Saturday January 7 2023
Most engineering disciplines there’s a very solid understanding of complexity, how to manage it, when to reduce it. Enumeration of variables and reducing the state of things you have to worry about.
Automotive technicians do this kind of thing all the time, whether they realize it consciously or not. When troubleshooting they’ll go down the list of variables to check, from most likely, to least. That way reducing the set of potential problems. Often, though not always, this leads to an obvious solution.
Software engineering is a bit different, we have complicated, esoteric
monstrosities all over the place. Perhaps, the most obvious is the whole stack
of web technologies. Every browser, by design slurps down code from wherever
you browse the internet and then executes it on your computer – that is
unless you’ve explicitly configured your browser not to do so. Making matters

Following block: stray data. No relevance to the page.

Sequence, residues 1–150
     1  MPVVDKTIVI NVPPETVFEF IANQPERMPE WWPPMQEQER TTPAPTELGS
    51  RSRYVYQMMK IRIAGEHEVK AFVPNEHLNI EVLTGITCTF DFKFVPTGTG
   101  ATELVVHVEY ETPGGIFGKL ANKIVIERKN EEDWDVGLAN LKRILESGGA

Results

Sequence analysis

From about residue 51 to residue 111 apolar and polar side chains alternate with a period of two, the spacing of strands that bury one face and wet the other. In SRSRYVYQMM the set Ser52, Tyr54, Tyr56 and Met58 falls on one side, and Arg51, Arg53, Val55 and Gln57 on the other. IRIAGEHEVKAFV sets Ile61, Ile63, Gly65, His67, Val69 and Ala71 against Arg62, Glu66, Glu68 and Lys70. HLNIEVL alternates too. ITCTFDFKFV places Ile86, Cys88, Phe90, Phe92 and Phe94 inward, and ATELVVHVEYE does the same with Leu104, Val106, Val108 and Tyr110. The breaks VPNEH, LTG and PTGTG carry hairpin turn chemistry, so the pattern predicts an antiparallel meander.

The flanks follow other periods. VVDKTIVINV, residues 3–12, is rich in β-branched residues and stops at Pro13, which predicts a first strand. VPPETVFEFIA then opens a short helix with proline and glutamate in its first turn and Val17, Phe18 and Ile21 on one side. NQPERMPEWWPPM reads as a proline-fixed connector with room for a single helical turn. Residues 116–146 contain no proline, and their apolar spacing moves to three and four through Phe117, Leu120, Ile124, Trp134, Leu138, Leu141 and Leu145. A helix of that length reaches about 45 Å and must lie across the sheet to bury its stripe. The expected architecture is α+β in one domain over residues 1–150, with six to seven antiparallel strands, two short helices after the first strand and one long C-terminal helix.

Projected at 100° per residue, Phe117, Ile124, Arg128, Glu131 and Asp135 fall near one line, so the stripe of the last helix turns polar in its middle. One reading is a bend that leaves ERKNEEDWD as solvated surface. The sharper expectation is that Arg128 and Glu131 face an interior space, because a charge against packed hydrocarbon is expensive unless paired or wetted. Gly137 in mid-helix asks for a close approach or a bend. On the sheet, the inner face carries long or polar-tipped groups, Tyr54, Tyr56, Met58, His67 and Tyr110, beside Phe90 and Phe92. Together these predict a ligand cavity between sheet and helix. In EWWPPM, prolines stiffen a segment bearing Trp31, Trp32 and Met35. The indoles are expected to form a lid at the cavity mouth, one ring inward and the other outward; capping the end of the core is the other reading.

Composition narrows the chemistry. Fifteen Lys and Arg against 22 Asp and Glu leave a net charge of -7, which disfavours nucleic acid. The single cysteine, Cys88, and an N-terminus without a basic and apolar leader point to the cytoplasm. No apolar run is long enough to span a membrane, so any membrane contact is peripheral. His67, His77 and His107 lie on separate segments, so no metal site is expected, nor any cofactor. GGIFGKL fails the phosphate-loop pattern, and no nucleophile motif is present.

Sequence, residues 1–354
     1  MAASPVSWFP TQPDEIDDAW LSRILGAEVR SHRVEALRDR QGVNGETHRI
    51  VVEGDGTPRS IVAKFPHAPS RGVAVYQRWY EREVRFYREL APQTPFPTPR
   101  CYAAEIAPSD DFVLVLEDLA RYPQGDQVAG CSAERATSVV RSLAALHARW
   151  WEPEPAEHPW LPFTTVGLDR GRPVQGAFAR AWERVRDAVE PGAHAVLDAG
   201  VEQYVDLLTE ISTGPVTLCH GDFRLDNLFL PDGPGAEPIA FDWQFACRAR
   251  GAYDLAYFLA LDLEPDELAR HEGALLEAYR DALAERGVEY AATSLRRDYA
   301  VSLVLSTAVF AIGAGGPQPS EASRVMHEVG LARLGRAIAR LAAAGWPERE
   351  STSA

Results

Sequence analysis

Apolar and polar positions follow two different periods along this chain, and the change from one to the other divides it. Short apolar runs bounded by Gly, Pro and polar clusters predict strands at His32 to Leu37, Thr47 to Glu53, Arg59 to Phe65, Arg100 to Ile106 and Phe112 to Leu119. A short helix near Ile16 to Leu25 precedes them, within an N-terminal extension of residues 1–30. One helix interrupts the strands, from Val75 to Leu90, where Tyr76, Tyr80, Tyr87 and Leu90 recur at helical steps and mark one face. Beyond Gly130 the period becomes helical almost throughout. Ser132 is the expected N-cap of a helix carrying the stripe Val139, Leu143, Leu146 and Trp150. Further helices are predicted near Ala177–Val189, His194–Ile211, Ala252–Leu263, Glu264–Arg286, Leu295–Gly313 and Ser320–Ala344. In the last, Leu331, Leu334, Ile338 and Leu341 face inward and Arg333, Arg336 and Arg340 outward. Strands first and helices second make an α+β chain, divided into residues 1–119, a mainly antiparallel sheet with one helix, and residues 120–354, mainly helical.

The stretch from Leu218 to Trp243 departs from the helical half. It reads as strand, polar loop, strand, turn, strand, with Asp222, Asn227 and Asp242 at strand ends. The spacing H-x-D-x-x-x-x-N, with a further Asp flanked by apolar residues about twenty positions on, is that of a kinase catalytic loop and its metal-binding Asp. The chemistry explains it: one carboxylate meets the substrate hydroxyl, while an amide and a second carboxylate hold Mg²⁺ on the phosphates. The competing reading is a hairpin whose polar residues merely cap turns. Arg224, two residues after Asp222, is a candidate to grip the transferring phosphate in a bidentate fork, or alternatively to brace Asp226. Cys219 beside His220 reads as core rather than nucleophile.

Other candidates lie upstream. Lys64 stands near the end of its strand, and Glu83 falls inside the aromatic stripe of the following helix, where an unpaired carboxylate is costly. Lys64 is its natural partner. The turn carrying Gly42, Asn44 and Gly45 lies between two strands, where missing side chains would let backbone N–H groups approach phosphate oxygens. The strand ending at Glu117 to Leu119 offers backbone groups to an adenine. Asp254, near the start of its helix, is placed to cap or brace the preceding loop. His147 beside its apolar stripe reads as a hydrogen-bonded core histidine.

worse, it’s layered upon HTML–which, is hostile to eyes and computers, much
like XML. HTML also sucks at its job too, so now we have CSS and the
<center></center> HTML tag… does what now? No, no, it’s real easy,
margin: 0px auto; or something.
I won’t belabor the point about software being unnecessarily complex for no reason, others before me have already spent a lot of time on that topic.
The question here is why does it exist? Why isn’t simplicity prioritized?
It comes down to incentives for all parties at play, let’s enumerate a few:
All of these incentives are indeed fixable.
Many of them you can fix by being the engineer who asks questions, makes suggestions and approves only of simplicity.
Some of the others are a broader reflection of where we are at in society, though that’s not to say you cannot move the needle a bit.